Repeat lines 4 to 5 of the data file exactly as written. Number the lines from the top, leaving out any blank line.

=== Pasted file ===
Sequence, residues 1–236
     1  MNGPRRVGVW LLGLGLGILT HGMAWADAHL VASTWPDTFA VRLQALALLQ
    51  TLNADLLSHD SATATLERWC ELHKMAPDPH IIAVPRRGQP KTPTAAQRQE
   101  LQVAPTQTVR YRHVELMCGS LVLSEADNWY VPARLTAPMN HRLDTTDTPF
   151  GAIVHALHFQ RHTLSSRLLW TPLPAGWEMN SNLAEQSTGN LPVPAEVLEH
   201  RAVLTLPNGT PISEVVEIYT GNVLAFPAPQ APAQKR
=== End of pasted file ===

   101  LQVAPTQTVR YRHVELMCGS LVLSEADNWY VPARLTAPMN HRLDTTDTPF
   151  GAIVHALHFQ RHTLSSRLLW TPLPAGWEMN SNLAEQSTGN LPVPAEVLEH